The top accounting watchdog in the UK has called for accountants to be held to higher standards when auditing companies, after a probe into KMPG's audits of HBOS in the run-up to the lender's collapse failed to find the accountant guilty of misconduct.
Stephen Haddrill, chief executive of the Financial Reporting Council (FRC), has claimed that the current standard which a tribunal must apply to find whether accountants should be penalised is too high a hurdle.
In a letter to the Treasury Select Committee chair Nicky Morgan, and in an FRC report on the KPMG-HBOS investigatio, Haddrill called on parliament to support changes proposed by the FRC and – if necessary – legislate to make them binding.
“This long-awaited report rightly acknowledges that the FRC should have been more ‘proactive’ in investigating KMPG’s audit of HBOS. It was only through pressure from the Treasury Committee that the FRC decided to act," said Morgan.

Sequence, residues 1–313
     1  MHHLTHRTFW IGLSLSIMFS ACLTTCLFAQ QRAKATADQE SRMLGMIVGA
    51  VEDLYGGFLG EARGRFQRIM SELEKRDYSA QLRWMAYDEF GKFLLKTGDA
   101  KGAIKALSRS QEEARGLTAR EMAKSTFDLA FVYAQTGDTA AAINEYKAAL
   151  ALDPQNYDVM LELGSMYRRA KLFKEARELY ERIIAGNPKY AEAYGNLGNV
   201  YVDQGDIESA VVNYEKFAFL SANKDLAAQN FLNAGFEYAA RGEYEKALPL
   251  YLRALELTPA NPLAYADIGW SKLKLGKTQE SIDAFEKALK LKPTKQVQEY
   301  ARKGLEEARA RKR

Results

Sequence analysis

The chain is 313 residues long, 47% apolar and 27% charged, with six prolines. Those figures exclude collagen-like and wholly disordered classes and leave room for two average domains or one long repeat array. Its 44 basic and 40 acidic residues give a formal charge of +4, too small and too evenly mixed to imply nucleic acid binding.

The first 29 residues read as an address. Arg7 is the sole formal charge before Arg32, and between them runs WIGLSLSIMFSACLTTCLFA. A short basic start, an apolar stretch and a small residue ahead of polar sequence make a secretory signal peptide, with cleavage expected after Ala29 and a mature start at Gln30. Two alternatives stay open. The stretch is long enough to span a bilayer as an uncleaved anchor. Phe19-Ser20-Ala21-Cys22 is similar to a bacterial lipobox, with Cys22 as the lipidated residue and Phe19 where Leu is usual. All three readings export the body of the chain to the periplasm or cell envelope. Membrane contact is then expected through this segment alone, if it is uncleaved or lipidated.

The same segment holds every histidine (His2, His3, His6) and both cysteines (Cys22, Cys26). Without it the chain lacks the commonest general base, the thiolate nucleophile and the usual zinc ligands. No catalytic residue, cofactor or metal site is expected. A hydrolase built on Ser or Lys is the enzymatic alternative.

“As Mr Haddrill says, the report sets out the lessons that the FRC has ‘learnt for the future’. We will be calling the FRC to give evidence in the New Year to discuss whether their conclusions go far enough.”
Haddrill explained that in order for KPMG to have faced any penalties, “a tribunal would need to find that no reasonable auditor or audit firm would have acted in the way that KPMG did, and this was not the case in relation to HBOS”.
He added that the FRC had modified this test in relation to straight audit cases, so the watchdog could chase "breaches which may not have amounted to misconduct but which nonetheless should be pursued".
But the new and easier-to-prove test does not apply to accountants who are members of the professional accountancy bodies, since the bodies must agree to any changes.
“It is our view that accountants in public interest roles should be subject to a similar threshold of accountability as auditors now are, to protect the public interest,” Haddrill said.
The FRC did note that it had modified some of its own processes since the HBOS case, such as undertaking investigations in parallel with other regulators rather than waiting for them to finish.
It also said it would be reviewing its own governance, as it noted concerns have been raised that it employs too many people from the major accounting firms it regulates.
The FRC said it would be “expanding the diversity, range of skills and experience” on its board and committees.